*Please note we have seen some quick Passport Requests (~65 days) this months. Which is a positive sign. 

Statuses by day of submission for May: 

Source for these reports:

Average waiting time to PPR By STREAM: 

Source for this reports:

Cheers everyone and enjoy the weekend (for some its a long weekend)!

Australian news

Posted at 07 June 2017 03:06 (UTC)

General Skilled Migration Changes - 1 July 2017

Australia flag

1 July will see a number of changes to the General Skilled Migration program - for instance:

  • The maximum age for the Skilled Independent Subclass 189 visa will be reduced from 49 to 44
  • A new permanent residence pathway for NZ citizens will be introduced
  • The skilled occupations lists are likely to be reviewed
  • Occupational ceilings will be released
  • State Migration Plans will reopen

This article goes through each of these changes and explains the likely consequences for applicants.

Changes to Age Limit for Skilled Independent Subclass 189 Visas

The maximum age for General Skilled Migration is currently 49. For the Skilled Independent Subclass 189 visa, this will be reduced to 44 from 1 July.

At this stage, none of the following visa types will be affected by the change:

According to Department of Immigration figures, only around 1% of applicants for the 189 subclass are between 45 and 49 at present. Whilst the overall impact on program numbers is small, for people between 45 and 49 the effect will be significant because the age limit for permanent employer sponsored is also being reduced to 44.

NZ Citizen Pathway

permanent residence pathway for New Zealand citizens who have lived and worked in Australia for at least 5 years will be introduced from 1 July 2017.

The pathway will be implemented as a stream within the Skilled Independent Subclass 189 visa. The NZ citizen stream will be significantly easier to qualify for than the traditional 189 subclass, and in particular:

  • No skills assessment, English language test, points test or SkillSelect invitation will be required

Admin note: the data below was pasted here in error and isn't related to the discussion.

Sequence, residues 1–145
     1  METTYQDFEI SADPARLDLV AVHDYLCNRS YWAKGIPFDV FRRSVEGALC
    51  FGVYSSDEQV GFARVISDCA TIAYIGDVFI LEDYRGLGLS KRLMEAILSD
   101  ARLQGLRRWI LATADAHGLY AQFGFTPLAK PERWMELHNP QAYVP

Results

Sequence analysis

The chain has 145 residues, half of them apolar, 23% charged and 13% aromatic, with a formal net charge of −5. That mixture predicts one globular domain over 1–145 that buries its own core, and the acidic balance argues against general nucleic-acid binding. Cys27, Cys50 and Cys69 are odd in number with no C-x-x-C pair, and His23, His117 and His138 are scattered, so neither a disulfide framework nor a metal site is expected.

• No age limit
  • Concessions on the health requirement
  • Small initial application fee

The Australian government estimates that 60-70,000 New Zealanders may be eligible for the new stream. This may mean that fewer places are available for applicants in the points tested stream. This in turn may affect the occupational ceilings for skilled migration, and result in higher points being required for an invitation through SkillSelect.

Revision of Skilled Occupations Lists

We expect the occupations lists for General Skilled Migration - the MLTSSL and STSOL - to be revised from 1 July 2017.

There are a number of occupations, mainly in the engineering sector, which are on the MLTSSL but not the STSOL. This is unusual and we expect these occupations to be candidates for removal.

The Department of Education maintains a list of "Flagged Occupations". These could also be considered for removal, but based on previous years, only a few flagged occupations are removed each year.

On the other hand, the changes to employer sponsorship announced on 18 April have resulted in restrictions on sponsoring staff for permanent residence or longer-term 457 visas, unless the occupation is on the MLTSSL. There have also been some unexpected occupations removed from the STSOL (eg Human Resources Advisor, and many science and engineering occupations).

We expect Australian business groups to lobby for critical occupations to be added to the MLTSSL and STSOL. This would also be good for applicants for General Skilled Migration in any of the occupations which might be added.

Occupational Ceilings to be Released